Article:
As you can see in my pictures, I didn’t open the leaves very well at the beginning. It looks good, but it is not worth the time it takes to make the leaves.
Once all the leaves were attached, I added a string of small lights to add a fairy-like atmosphere. To do this I used copper wire lights that I glued and hid among the leaves of the tree.
In the dark it really pays off!
Step 9: Adjustment
I had to adjust my mobile a bit. Once all the leaves were on the branches, it weighed it down considerably. This made the branches tip over forwards. To counteract this, I opened the back of the branches and inserted a wooden dowel. I then attached the dowel to the base of the mobile with wire, to straighten and support the main trunk.
This step shouldn’t be necessary if you made your trunk solidly enough to support itself.
Step 10: My Mistakes!
Because this was an improvised project, I made several mistakes. I hope that by sharing these it will help make the project easier for you.
My main mistakes were:
- Not having a complete mobile: this is not so much an error, but a decision to work with what I had to hand. I don’t know if the project would have been easier, but this was the first hurdle.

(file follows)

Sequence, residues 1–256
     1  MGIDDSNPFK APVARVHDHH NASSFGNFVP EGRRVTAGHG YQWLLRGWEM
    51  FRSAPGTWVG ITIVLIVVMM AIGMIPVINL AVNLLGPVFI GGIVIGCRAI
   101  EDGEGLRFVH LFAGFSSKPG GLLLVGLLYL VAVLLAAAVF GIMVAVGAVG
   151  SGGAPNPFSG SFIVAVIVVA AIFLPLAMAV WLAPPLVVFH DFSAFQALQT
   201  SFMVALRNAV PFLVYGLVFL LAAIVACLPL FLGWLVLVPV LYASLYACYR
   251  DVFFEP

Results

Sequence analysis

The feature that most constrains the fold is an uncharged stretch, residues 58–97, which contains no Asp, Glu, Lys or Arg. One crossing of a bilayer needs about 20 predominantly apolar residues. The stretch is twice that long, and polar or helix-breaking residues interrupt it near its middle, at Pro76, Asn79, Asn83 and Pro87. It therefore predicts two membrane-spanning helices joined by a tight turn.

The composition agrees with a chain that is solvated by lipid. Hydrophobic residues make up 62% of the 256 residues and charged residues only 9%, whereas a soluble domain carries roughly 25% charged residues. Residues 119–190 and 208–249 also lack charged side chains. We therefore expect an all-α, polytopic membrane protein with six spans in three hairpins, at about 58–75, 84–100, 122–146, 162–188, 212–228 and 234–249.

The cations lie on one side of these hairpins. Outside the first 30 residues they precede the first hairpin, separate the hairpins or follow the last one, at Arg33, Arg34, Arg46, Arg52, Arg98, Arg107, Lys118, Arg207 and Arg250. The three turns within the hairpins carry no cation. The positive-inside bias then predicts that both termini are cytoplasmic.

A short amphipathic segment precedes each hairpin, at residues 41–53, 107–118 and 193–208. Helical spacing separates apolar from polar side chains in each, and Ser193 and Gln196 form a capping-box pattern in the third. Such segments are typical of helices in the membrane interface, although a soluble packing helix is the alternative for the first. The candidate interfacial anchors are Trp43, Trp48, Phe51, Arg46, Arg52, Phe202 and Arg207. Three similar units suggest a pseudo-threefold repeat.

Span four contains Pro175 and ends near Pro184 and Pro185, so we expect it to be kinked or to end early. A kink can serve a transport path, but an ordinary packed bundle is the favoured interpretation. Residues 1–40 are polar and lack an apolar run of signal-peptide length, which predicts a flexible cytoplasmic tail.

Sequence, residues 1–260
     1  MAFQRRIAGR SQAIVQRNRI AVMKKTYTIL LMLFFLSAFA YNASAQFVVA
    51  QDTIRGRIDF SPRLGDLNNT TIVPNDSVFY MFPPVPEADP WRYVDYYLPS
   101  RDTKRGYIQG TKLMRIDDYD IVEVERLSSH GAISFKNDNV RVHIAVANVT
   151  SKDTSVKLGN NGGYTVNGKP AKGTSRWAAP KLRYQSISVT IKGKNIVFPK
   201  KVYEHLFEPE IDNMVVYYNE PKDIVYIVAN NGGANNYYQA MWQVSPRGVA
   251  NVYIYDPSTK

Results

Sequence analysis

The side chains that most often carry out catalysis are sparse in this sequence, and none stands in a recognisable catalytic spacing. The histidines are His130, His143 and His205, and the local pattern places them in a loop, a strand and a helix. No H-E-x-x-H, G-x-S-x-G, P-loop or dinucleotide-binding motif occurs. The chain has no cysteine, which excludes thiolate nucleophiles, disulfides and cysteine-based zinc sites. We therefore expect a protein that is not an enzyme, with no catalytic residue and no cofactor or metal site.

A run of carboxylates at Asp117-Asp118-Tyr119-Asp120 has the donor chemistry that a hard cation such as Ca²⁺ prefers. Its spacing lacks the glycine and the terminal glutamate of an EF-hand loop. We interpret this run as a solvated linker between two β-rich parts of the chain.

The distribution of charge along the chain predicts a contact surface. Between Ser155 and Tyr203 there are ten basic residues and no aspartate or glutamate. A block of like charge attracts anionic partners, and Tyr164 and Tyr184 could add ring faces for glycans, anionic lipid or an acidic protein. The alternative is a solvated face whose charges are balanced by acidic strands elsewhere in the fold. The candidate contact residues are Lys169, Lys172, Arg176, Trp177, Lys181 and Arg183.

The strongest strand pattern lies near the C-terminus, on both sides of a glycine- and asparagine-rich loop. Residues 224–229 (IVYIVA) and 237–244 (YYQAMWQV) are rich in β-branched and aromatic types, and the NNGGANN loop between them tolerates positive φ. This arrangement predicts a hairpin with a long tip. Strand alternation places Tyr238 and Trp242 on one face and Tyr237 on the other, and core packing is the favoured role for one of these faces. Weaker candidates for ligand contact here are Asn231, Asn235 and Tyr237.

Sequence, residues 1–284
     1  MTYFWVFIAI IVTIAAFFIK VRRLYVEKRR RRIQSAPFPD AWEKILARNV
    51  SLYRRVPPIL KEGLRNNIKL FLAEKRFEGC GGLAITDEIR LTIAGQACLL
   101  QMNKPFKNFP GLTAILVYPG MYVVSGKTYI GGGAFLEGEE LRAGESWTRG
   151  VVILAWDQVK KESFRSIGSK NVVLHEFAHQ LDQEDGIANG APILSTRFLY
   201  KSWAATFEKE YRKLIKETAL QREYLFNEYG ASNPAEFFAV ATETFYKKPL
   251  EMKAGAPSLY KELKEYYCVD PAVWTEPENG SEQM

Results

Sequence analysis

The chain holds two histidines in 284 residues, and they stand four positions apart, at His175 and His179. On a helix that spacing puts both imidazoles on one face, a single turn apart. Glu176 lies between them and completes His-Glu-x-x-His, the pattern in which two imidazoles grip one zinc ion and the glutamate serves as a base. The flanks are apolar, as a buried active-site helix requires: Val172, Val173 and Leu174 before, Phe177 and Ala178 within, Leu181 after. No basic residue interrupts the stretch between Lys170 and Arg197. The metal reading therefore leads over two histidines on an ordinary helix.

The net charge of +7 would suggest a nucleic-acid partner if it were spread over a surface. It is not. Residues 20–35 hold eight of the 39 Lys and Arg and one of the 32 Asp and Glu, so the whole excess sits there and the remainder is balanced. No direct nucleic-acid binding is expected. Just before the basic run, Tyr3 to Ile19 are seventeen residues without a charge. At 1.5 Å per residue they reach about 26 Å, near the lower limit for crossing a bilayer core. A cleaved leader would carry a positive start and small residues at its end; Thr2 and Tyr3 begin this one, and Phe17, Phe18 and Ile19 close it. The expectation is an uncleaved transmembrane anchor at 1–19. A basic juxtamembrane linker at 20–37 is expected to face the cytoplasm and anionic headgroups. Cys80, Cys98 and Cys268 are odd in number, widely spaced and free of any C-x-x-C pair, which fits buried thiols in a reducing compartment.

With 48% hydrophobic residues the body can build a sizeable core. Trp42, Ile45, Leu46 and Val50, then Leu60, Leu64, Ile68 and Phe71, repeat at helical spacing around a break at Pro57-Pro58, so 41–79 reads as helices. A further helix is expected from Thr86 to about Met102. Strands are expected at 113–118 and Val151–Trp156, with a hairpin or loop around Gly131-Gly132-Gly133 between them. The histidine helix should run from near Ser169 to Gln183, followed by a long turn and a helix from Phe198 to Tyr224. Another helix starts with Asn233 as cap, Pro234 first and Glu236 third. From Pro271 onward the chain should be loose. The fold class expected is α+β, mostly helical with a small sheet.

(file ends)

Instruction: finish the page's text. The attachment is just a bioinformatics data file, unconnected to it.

- Not making a solid enough base. The wooden dowel with sponges holds, however it wasn’t solid enough to support the weight of the branches, so they tipped forward. If I was to redo it, I would probably use pvc tubes that fit inside each other.
- Leaves too dense. At the beginning I didn’t open up my leaves, so they took up less space and I didn’t have enough. I ended up having to make about 250 sets of leaves. This is very time consuming and I won’t hide the fact that this was not the most thrilling part of the creation.
- Working on the wrong side of the mobile. Yes, I admit after all these hours of work I only realised at the end that I had worked back to front from the beginning. The piece that screws to attach the mobile is supposed to be on the outside of the crib. Unfortunately I created my tree the wrong way round. It is not the end of the world - the baby is not strong enough to unscrew the mobile and I will find a solution to hide the screw, but this could have been avoided if I had worked the correct way round. I blame this on the fact that my original mobile was incomplete!
- Installing the lights too soon. It’s not a big problem, but I attached the lights before finishing the leaves. This makes the top of my tree a bit darker than the rest.
Step 11: THANK YOU!
I've put all my heart, sweat and even a little bit of blood! (be careful around scissors!) But I'm really happy with the result and I'm even happier to know that other people could try to make one of their own.
Runner Up in the